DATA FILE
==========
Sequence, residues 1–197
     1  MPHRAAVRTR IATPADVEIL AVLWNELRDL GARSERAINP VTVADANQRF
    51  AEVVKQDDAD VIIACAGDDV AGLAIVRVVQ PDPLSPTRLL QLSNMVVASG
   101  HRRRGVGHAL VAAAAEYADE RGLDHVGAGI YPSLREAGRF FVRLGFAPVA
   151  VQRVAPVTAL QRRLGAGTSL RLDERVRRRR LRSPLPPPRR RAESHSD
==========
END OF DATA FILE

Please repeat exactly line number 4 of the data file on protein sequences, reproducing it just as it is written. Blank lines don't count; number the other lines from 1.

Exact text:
   101  HRRRGVGHAL VAAAAEYADE RGLDHVGAGI YPSLREAGRF FVRLGFAPVA